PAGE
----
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In Moroccan backwater, surfers give kids a taste of waves and freedom

By Imane Djamil
In a small fishing town in Morocco's south, wedged between the Atlantic Ocean and the Sahara, a group of idealistic young surfers are teaching local children to brave the crashing waves.

A day's drive from the cities of northern Morocco, and on the fringe of the world's greatest desert, the group has set up a beachfront cafe where young people can gather, learn and have fun in the sleepy port of Tarfaya.

"We have a deal here. Everyone who leaves Tarfaya has to come back and do something for the town," said Salim Maatoug, a wiry 26-year-old who worked as a tour guide in Marrakesh.

More than a hundred local children - boys and girls - have attended the free surfing classes they give at their wooden shack, watching as instructors demonstrate moves before charging into the sea to try for themselves.

The surfers also teach the children English and Spanish, hoping to open their horizons beyond scant local job offerings or the lure of joining migrants heading to Europe via illegal and perilous boat journeys to the Canary Islands 100 km away.

Thousands of migrants have drowned at sea, and the surfers had to win over parents fearful of the ocean's swells.

Families also did not let girls join the club until they saw the young sister of one of the surfers taking part alongside the boys and realised it was safe.

"Now we have a big number of girls surfing, girls who are the future of this club," said Maatoug, adding that he hoped one of the girls would eventually lead it.

Tarfaya, with its small harbour, offers few work opportunities for its 9,000 inhabitants. One of the group of surfers, Hossin Ofan, is a fisherman, while his twin brother Lahcen works at the local petrol station.

In the desert beyond the town is a $500 million wind farm, one of Africa's largest, while in a depression nearby a U.S. company mines salt.


At their "Nuevas Olas" (New Waves) coffee shop, the surfers meet and play music. They borrowed money from the bank to buy the surfboards and wetsuits for their club and to equip the cafe.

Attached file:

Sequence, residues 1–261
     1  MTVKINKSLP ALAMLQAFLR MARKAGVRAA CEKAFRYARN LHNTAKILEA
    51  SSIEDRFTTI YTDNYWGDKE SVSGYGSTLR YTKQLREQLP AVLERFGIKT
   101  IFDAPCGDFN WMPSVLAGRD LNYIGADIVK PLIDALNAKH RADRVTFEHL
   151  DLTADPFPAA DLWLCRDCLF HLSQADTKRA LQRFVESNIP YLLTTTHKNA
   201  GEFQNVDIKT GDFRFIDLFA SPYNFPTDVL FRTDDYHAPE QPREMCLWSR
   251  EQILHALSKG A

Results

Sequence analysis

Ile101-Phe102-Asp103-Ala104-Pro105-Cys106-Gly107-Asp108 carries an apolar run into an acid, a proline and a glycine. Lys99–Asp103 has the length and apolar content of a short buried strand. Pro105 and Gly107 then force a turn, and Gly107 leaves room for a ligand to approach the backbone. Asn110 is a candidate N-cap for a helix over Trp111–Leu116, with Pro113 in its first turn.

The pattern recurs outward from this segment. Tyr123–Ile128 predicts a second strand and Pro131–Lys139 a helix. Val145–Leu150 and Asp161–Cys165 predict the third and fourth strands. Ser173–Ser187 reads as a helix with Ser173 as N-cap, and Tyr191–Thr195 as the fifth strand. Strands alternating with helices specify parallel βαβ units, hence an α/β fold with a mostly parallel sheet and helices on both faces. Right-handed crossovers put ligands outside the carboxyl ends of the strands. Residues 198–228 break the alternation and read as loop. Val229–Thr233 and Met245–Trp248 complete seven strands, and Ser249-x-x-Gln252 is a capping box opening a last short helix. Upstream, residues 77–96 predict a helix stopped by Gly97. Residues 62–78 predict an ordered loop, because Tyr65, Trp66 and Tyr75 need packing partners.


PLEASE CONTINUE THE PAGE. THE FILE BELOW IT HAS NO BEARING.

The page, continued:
Perched between desert and ocean, Tarfaya is little more than a way station on the narrow ribbon of asphalt running hundreds of miles down the northwest African coast.

Its most distinctive building, a fort jutting into the sea, was set up as a British trading post in the 19th century and then garrisoned under Spanish colonial rule.

Morocco drove the Spanish from Tarfaya in the small Ifni war of 1958 and about two decades later, as Spain quit nearby Western Sahara, it marched into the territory where an Algeria-backed independence movement seeks a sovereign state.

Last year the United States recognised Moroccan claims to Western Sahara - though most countries still seek a U.N.-backed solution - increasing talk of new investment in a region where most money comes from phosphate mining or fishing.

The surfers at one point used another ruined Spanish fort as their clubhouse, meeting there to talk, eat and sing before the town council gave them the beachfront cafe.

Tarfaya once had a sandy landing strip for French biplanes to carry mail into West Africa, and the aviator Antoine de Saint-Exupery may have been inspired by his time there when writing the famous children's story "The Little Prince".

Nearly a century later, Maatoug stood leaning on the railing of the sea wall, watching a group of locals playing football on the beach.

He showed a photograph of himself as a boy, standing proudly in front of the Armas Essalama, a ferry bought to connect Tarfaya to the Canary Islands as part of a plan to bring tourists.

But it struck rocks just outside the town four months after it arrived and was never replaced. The rusting wreck is still marooned offshore, part of Tarfaya's sunset seascape.

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